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Backyard super bloom: We only have to hop our fence to explore SLO's own poppy explosion 

It's almost 2 o'clock on a gorgeous Sunday afternoon in April, and I'm delighted to be helping my daughter with her research project. We've smeared sunscreen on our ears and arms, sprayed bug repellent on our ankles, and filled our water bottles. It's go time, and I hope the poppies on the hill behind our house are ready for their close-ups!

click to enlarge FIELD NOTES My daughter chose to research the state flower for her fourth grade California history project, a choice that prompted us to take a family hike on a sunny April afternoon. - PHOTO COURTESY OF BRET ROOKS
  • Photo Courtesy Of Bret Rooks
  • FIELD NOTES My daughter chose to research the state flower for her fourth grade California history project, a choice that prompted us to take a family hike on a sunny April afternoon.

It's California history season in my daughter's fourth grade class, and she's opted for an exploration of the state flower. So instead of making a clay model of La Purisima Mission—complete with lasagna-noodle terra cotta tiles and toothpick crosses—she's photographing and researching the California poppy.

As the four of us trudge up the steep emergency access road from our neighborhood to connect with the South Hills trail, I'm glad for a clear, cool day. The sunshine means the poppies will be open, and the coolness means my daughters won't complain too much about the heat.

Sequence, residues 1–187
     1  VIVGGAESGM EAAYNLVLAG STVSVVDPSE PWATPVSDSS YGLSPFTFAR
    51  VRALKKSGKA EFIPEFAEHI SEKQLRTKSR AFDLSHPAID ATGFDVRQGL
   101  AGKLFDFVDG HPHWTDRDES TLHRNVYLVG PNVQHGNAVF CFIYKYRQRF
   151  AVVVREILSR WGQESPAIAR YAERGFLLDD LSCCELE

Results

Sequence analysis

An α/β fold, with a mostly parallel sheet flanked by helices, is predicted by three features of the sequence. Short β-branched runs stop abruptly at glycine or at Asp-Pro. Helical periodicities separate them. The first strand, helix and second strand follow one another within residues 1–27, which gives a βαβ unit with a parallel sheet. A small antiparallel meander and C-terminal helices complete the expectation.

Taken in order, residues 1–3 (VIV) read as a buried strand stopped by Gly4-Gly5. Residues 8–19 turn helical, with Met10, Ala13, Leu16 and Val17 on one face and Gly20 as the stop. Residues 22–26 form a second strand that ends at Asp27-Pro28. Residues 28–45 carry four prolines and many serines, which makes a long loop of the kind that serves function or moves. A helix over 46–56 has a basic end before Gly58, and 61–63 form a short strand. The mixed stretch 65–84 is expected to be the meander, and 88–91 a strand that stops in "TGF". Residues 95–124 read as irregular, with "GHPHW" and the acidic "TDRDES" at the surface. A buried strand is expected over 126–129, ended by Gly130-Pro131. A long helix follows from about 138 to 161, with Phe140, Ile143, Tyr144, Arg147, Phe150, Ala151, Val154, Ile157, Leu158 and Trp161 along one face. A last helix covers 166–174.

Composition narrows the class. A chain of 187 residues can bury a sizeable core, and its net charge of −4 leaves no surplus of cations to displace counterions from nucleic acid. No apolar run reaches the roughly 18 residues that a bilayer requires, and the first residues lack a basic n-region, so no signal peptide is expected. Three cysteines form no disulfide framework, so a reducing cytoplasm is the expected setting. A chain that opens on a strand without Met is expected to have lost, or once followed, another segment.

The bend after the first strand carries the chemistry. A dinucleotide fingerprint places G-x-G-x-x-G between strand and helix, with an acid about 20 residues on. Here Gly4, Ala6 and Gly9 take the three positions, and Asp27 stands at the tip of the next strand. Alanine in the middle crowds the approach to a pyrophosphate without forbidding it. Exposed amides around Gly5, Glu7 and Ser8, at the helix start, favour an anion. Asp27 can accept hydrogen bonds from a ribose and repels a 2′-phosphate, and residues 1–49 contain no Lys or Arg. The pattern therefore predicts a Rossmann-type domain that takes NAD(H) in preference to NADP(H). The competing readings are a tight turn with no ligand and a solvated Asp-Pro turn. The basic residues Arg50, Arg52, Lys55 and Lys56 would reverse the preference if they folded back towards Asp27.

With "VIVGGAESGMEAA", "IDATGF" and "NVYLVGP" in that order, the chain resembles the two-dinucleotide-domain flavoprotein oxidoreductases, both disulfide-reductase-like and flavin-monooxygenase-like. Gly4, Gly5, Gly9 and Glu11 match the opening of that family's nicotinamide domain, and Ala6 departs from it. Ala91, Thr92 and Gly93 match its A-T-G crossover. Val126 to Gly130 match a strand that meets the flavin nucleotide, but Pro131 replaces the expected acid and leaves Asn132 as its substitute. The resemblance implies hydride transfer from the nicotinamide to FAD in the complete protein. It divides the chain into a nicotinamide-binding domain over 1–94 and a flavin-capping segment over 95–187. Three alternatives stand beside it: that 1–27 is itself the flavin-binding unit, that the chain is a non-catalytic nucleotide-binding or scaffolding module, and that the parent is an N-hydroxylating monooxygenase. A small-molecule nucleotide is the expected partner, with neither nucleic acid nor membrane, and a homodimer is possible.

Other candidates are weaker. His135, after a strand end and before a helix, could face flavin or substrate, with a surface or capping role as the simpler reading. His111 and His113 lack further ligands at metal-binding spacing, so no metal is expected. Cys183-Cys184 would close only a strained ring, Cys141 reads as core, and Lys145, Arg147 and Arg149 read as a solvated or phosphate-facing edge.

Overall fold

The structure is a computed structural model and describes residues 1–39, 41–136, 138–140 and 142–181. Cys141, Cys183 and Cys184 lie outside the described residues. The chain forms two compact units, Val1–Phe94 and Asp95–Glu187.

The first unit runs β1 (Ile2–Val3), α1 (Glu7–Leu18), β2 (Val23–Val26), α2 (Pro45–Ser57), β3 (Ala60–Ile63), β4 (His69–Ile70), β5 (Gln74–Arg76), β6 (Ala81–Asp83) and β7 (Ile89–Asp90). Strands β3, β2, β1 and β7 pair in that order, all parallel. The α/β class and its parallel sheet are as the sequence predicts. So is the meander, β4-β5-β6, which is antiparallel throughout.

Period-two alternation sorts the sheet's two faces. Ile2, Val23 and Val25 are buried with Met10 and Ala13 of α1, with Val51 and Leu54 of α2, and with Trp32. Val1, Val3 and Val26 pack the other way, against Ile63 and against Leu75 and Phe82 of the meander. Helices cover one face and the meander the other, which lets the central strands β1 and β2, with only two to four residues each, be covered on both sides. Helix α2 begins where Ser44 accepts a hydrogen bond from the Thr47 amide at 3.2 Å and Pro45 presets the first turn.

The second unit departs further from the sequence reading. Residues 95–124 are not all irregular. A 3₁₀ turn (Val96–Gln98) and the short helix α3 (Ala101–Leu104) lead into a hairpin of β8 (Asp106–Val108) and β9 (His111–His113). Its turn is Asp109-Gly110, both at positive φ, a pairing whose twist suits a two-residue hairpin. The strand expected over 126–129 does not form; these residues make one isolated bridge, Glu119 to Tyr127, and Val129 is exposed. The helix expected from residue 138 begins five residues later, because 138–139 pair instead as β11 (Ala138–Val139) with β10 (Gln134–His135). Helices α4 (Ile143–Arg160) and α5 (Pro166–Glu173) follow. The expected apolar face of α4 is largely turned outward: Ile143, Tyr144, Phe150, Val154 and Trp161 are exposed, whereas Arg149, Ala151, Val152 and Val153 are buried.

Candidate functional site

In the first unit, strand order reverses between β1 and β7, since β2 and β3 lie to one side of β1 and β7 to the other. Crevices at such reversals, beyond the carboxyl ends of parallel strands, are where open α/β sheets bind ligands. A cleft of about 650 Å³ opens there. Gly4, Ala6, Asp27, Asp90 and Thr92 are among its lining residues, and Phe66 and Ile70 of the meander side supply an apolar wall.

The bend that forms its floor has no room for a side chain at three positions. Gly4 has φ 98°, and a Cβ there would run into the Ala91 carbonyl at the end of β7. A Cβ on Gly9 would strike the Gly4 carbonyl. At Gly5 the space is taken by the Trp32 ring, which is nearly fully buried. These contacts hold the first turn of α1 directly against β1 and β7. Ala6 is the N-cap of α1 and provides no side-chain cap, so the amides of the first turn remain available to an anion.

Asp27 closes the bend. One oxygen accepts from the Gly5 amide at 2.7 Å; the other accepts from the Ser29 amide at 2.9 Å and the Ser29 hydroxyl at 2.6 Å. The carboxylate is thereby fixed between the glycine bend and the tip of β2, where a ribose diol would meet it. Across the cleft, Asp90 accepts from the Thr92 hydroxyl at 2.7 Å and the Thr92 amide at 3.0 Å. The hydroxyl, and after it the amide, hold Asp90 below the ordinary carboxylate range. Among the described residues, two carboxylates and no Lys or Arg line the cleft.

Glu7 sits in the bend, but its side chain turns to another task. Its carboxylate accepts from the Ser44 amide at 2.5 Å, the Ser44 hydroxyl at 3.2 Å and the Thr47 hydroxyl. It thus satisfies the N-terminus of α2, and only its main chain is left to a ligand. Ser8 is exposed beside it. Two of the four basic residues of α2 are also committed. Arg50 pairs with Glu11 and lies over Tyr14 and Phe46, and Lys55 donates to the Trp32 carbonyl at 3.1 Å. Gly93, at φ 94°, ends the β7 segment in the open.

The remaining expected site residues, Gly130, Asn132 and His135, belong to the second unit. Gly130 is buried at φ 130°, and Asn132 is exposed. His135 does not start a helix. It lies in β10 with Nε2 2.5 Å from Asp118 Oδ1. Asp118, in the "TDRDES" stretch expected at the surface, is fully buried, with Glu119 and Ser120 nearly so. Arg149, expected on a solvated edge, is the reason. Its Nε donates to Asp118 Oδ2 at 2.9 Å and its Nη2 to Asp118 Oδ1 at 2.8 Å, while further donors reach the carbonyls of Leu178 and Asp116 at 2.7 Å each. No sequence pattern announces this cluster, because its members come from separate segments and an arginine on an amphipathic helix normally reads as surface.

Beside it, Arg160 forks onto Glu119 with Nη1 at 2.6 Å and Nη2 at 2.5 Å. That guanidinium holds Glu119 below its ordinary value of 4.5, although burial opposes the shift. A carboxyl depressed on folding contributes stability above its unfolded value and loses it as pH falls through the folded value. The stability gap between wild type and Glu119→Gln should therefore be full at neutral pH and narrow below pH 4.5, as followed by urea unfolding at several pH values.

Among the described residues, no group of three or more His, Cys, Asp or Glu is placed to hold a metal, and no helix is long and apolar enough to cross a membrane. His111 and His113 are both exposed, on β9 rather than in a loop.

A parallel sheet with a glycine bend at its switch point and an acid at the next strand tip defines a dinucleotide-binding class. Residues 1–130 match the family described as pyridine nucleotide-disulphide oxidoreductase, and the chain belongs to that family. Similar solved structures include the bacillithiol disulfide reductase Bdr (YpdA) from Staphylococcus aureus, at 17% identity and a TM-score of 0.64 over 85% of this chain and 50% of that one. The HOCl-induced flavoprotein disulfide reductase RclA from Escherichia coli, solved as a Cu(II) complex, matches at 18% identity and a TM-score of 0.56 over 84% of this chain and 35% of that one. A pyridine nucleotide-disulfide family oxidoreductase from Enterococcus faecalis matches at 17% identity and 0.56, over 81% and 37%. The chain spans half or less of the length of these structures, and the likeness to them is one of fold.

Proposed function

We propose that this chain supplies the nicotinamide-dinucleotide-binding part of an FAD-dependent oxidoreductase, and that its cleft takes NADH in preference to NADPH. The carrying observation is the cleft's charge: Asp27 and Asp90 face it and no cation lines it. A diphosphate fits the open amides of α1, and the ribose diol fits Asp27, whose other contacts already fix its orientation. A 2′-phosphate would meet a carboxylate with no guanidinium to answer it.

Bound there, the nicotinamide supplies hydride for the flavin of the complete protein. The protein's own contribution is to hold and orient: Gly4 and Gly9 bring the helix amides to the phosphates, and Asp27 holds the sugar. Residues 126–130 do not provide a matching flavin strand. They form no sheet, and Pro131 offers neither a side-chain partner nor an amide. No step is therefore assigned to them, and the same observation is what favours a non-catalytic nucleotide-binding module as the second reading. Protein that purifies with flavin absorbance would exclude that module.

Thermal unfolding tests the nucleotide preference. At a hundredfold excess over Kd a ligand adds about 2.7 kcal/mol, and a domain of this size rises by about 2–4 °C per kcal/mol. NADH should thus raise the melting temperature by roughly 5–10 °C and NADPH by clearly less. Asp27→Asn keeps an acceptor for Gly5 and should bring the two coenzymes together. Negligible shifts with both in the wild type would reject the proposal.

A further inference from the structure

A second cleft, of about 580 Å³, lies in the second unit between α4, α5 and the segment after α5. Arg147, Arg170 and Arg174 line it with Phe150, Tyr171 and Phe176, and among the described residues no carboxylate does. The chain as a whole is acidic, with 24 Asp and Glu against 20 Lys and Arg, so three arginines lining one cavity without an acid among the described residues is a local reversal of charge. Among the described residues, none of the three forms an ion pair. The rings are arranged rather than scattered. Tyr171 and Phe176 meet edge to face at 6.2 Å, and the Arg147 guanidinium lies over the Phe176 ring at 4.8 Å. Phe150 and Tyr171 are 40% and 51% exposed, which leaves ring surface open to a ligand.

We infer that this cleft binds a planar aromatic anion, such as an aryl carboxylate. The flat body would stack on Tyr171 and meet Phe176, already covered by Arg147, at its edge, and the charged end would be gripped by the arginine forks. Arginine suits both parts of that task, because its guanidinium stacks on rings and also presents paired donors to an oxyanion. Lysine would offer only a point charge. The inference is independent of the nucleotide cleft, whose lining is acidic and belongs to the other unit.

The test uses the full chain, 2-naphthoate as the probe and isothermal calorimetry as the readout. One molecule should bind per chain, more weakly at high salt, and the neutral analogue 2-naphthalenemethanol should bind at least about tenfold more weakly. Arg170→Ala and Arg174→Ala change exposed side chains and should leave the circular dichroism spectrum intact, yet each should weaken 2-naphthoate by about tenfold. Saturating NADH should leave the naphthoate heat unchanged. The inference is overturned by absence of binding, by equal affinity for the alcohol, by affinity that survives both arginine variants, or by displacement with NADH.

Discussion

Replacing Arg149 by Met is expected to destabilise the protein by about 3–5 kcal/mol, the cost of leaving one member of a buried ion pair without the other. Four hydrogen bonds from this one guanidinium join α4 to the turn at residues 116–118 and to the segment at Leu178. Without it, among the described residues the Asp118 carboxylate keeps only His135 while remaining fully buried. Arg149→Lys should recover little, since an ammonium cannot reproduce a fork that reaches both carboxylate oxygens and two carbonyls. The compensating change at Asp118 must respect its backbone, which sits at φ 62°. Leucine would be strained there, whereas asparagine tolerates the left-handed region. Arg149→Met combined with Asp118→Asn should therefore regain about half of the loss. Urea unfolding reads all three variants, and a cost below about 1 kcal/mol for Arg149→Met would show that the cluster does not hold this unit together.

We really don't have to go far to see the glorious orange; multiple swaths of Eschscholzia californica grow wild and free in our neglected backyard. But on a hike we go, cameras and phones in hand. Like the law-abiding Californians we are, we don't pick a single poppy—which, our fourth grader later tells us, became the state flower in 1903.

click to enlarge UP CLOSE AND PERSONAL My older daughter loves to use my phone in selfie mode to take photos of the undersides of flowers, aiming for the most unique angle possible. - PHOTO COURTESY OF NATALIE ROOKS
  • Photo Courtesy Of Natalie Rooks
  • UP CLOSE AND PERSONAL My older daughter loves to use my phone in selfie mode to take photos of the undersides of flowers, aiming for the most unique angle possible.

At the top of our hill, we catch our breath and kneel amid the cups of gold (aka flame flowers). My older daughter grabs my phone and kneels down as far as she can to capture the most unique angle possible. She puts the phone on selfie mode—but instead of capturing her smiling face, she photographs the undersides of several poppies.

My husband takes photos of our fourth grader standing and sitting among the flowers, and I get my phone back to snap my own pics. The paper-thin petals and equally delicate leaves are entrancing, and I'm tempted to lie down and take a nap. But like Dorothy and friends in the Wizard of Oz, we've not yet completed our quest. More poppies and more Sunday fun await us on the other side of this hill. Δ

Associate Editor Andrea Rooks still wants to sleep in a field of poppies. She can be reached at arooks@newtimesslo.com.










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